How are your nerves right now? Feelin’ a bit frayed? Is there anything accessible that would be soothing for you right now? Although bubble baths and cups of tea won’t solve the world’s problems, there is absolutely sometimes a place for them in offering comfort and a moment of peace.
How was today for you? What is the story of this day? There can be some value in naming our acts of living, and in naming the values that we held close through a difficult time. What choices did you make today? What were the values that informed these choices? What were you valuing when you made the choice? Is there anyone in your life who knows that you made these choices? Who, in your life, would be least surprised to know what your strong values are? Did the choices that you made today make a difference in anyone else’s life, or might it make a difference in someone else’s life to know that you made these choices? What choices did you witness other people making today that align with your values or hopes? What values do you think they were holding onto, that allowed them to make these choices? Will their choices make a difference in your life? We are not passive recipients of trauma or hardship. We are always responding. We can hold onto that truth, no matter what happens in the near future. #abvote
This is an expanded version of the review I posted to Patreon earlier this month. If you want to support my work and read early versions of many of my projects, you can join the community here!
Content note: talking about racism and white supremacy
For the first time in… I don’t even know how long!… I finished a substantial novel in a week. That novel was Esi Edugyan’s Washington Black.
There were a few factors that made it possible, and I want to acknowledge that this isn’t always possible (for me or for anyone else dealing with a notable lack of time). The most important factor was that I spent a lot of time in the passenger seats of cars, so I had a solid 10 hours to read. I also decided to devote some time on the weekend to reading, so I spent a few hours in coffee shops reading when I could have been working instead.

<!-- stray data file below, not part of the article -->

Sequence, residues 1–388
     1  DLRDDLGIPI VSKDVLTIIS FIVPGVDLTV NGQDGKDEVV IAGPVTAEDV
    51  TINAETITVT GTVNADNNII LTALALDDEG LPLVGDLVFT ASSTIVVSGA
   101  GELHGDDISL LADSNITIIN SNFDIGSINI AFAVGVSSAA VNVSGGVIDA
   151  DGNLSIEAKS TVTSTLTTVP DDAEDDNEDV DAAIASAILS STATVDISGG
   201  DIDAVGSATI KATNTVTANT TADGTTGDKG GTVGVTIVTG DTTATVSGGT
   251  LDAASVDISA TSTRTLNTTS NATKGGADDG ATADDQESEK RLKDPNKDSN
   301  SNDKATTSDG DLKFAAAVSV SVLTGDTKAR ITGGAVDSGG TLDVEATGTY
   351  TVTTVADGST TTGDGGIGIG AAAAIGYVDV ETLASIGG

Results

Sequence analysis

It meant the next week was a bit stressful, and now two weeks out from it I’m still trying to get caught up on some of the work I put off, but it was worth it.
Washington Black by Esi Edugyan was so very worth it.
If you have the chance to read this book, take it. And be prepared to be pulled into this world, which contains so much nuance and life and depth and joy and pain.
I’m working through Layla Saad’s Me and White Supremacyworkbook this month, and reading Esi Edugyan’s novel, which holds a mirror up to slavery-era white supremacy, and to the white supremacy that remains in our current culture.
In this mirror, I saw my own complicity with, and cooperation with, ongoing patterns of privilege and domination. I see in myself Christopher Wilde’s self-serving white savior thoughts and actions. I see in myself, and in the context around me, so many of the harms perpetuated by well-meaning white people in the book. And I see the blatant and violence racism of the book still present in the world around me, even the world very close to me.
Washington says, “How could he have treated me so, he who congratulated himself on his belief that I was his equal? I had never been his equal. To him, perhaps, any deep acceptance of equality was impossible. He saw only those who were there to be saved, and those who did the saving.”
This is deep and relevant and contemporary knowledge. In the last two weeks I have watched a community that I was part of absolutely combust in white backlash, and I have been so moved by the discourse that invites to consider not how we can be inclusive but rather how we can challenge and stand against exclusion.